What to do for Summer Fun while all the lakes are flooded

The 2017 Flood has left many of Oklahoma’s lakes flood­ed and fam­i­lies won­der­ing what to do for fun sum­mer activ­i­ties. For­tu­nate­ly, our state boasts a wealth of excit­ing activ­i­ties. That will make it eas­i­er for you to find alter­na­tive sum­mer fun. Each of the options below will give you a unique taste of every­thing Okla­homa has in store. Who knows, as the flood waters recede you might decide to make them a reg­u­lar part of your vaca­tion fun.

1. Go Bird Watching at Black Mesa State Park

Black Mesa State Park and Nature Pre­serve is a great place to head to if the 2017 flood dis­rupt­ed your orig­i­nal plans. Okla­homa is in the path of many migra­to­ry bird species, mak­ing this pre­serve a top attrac­tion to keep under con­sid­er­a­tion. Your kids will enjoy this unique chance to go on an out­door adven­ture. They will eas­i­ly imag­ine them­selves back in the old days when Native Amer­i­can tribes and cow­boys roamed the area. Many of the birds that pass through this area are species abun­dant in the Rock­ies. This giv­ing you a unique chance to spot them with­out leav­ing the state. Some of the most pop­u­lar winged vis­i­tors include Bald Eagles, Bur­row­ing Owls, Less­er Prairie Chick­ens and Moun­tain Blue­birds. Be sure to bring your cam­era, because the sur­round­ings pro­vide a per­fect back­drop for some pic­tures that you’ll trea­sure.

Unlike vis­it­ing a lake you won’t get sand in your hair. Click here for a map and more infor­ma­tion. While this might be a long dri­ve for most of us it would allow you to stop at #5 along the way

2. Attend the Red Earth Festival in Oklahoma City (June 9–11)

If bird watch­ing isn’t your thing then this sum­mer holds many alter­na­tive 2017 flood activ­i­ties. One such as Red Earth Fes­ti­val in OKC. This annu­al fes­ti­val brings trib­al cul­ture and her­itage to life before your eyes. Over 1000 dancers and artists rep­re­sent­ing over 100 tribes. The fes­ti­val offers fun for art and craft enthu­si­asts. Offer­ing the chance to shop for authen­tic crafts made by gen­uine trib­al arti­sans. All ages will enjoy the dances that fea­ture col­or­ful cos­tumes and it’s always fun to see who will win the com­pe­ti­tions. Atten­dees will have a whole new appre­ci­a­tion for Native cul­ture and local his­to­ry. There are few expe­ri­ences that come close to liv­ing Native Amer­i­can cul­ture first-hand.

You bet­ter gath­er the gang up quick. This one is only June 9th-11th click here for a map and more infor­ma­tion.*


Red Earth Festival Hours 
Fri June 9 — 10 to 7 pm
Sat June 10 — 10 to 9 pm
Sun June 11 — 10 to 5 pm

3. Visit with the Mustangs at Mowdy Ranch

When sum­mers comin’ and you got the lake on your mind. Mowdy Wild Mus­tang Ranch might be just the place to get that over­filled lake off your mind. If you’re look­ing for a great taste of the Old West, there are few things that pro­vide this expe­ri­ence bet­ter than vis­it­ing with wild mus­tangs. When you’re among wild hors­es, it is very easy to imag­ine Okla­homa as it must have been before the state was set­tled. The 4,000-acre prop­er­ty is home to over 150 wild hors­es. They also have a pop­u­la­tion of black­buck ante­lope and fal­low deer. Guid­ed tours give you the best access to these beau­ti­ful ani­mals, also ensur­ing that you have plen­ty of chances to take pic­tures for last­ing mem­o­ries. These tours last an hour, a great length for vis­i­tors with kids. Equine enthu­si­asts of all ages will appre­ci­ate the efforts to save these beau­ti­ful sym­bols of Oklahoma’s her­itage.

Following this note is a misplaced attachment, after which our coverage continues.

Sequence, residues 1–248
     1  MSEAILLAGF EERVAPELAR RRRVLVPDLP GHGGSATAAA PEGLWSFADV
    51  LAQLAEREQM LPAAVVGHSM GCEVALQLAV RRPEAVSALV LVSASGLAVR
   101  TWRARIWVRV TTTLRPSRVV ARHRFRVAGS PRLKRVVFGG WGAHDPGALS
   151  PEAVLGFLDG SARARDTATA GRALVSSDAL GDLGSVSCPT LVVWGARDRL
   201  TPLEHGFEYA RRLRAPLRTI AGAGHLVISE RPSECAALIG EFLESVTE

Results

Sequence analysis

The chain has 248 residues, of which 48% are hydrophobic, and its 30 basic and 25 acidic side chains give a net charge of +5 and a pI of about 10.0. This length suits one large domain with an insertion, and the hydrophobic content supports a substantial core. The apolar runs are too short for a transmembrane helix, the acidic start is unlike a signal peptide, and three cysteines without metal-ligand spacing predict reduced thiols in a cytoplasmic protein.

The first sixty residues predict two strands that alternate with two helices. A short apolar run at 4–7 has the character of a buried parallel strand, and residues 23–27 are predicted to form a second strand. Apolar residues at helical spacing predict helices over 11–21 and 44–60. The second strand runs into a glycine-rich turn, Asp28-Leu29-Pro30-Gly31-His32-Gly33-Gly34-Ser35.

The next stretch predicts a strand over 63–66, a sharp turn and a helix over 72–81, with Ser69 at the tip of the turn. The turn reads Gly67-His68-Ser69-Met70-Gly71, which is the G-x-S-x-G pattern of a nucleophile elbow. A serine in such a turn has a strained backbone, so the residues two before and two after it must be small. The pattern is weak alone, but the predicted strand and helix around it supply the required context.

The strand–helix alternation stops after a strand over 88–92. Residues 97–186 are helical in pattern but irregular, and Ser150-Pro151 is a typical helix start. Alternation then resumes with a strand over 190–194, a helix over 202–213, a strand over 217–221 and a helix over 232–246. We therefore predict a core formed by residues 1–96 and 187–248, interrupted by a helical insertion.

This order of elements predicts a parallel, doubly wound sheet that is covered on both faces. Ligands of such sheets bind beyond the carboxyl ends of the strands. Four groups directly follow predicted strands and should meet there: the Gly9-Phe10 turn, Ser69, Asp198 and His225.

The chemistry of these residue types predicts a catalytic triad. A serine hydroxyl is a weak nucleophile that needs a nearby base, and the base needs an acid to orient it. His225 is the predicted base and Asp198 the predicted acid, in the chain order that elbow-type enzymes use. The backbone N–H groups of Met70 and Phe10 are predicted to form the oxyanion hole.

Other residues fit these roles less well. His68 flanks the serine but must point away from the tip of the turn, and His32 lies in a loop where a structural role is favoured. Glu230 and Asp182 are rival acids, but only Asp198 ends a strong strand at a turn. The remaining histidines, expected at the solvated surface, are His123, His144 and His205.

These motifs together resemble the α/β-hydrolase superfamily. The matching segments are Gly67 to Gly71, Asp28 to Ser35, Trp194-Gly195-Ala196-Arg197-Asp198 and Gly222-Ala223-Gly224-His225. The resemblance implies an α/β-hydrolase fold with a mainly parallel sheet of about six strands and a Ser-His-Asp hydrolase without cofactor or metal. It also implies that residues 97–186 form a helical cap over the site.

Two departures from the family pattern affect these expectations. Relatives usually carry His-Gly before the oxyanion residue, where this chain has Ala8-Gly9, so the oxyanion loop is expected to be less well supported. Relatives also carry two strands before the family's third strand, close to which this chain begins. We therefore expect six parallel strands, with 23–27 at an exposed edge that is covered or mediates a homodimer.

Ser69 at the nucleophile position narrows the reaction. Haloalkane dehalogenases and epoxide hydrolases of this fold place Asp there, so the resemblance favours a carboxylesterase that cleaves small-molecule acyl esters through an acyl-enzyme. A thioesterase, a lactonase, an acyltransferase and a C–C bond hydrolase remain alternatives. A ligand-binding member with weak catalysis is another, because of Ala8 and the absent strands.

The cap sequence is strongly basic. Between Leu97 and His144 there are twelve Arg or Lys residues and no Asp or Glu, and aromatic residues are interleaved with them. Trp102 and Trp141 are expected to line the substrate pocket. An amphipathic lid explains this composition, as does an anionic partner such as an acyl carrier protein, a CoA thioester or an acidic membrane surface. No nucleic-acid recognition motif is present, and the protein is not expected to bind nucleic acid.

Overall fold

Click here to find a map and a few more details.*

4. Take a Road Trip Along Route 66

Even if Oklahoma’s lakes are out of the equa­tion for sum­mer fun, there are still plen­ty of activ­i­ties through­out the state that will more than make up for them. The part of Route 66 that runs through Okla­homa offers some attrac­tions that high­light the state’s unique char­ac­ter and pro­vide a lot of fun for all ages. Some of the high­lights that you’ll find along the high­way include the Route 66 Vin­tage Iron Motor­cy­cle Muse­um, the Will Rogers Memo­r­i­al Muse­um, the Route 66 Muse­um and Totem Pole Park. No mat­ter how long the length of your vaca­tion, you’ll find a lot of fas­ci­nat­ing things to do along this route.

Click here to find links to more infor­ma­tion and a map.*

5. Do Some Exploring in the Alabaster Caverns State Park

While the 2017 flood might have the lake waters up and the kids feel­ing down (about not get­ting to swim that is). These cav­erns fea­ture alabaster, which is a rare type of gyp­sum. Alabaster cre­ates some tru­ly stun­ning for­ma­tions. The cave at this park is the largest of its kind that is open to the pub­lic, ensur­ing an amaz­ing time for every­one that takes one of the tours. All of these tours are guid­ed, and you’ll appre­ci­ate the unique insights that your guide offers. The total tour spans 3/4 of a mile and takes around 45 min­utes. A lot of bats that call the cav­ern home, and see­ing them take flight at dusk is well worth your time. Should you enjoy the idea of camp­ing, tent and RV sites are avail­able, along with pic­nic and grilling areas ide­al for enjoy­ing an evening under the stars.

Click here for a map and more details.*

*Maps and links com­ing soon when the Loca­tions tab is updat­ed.


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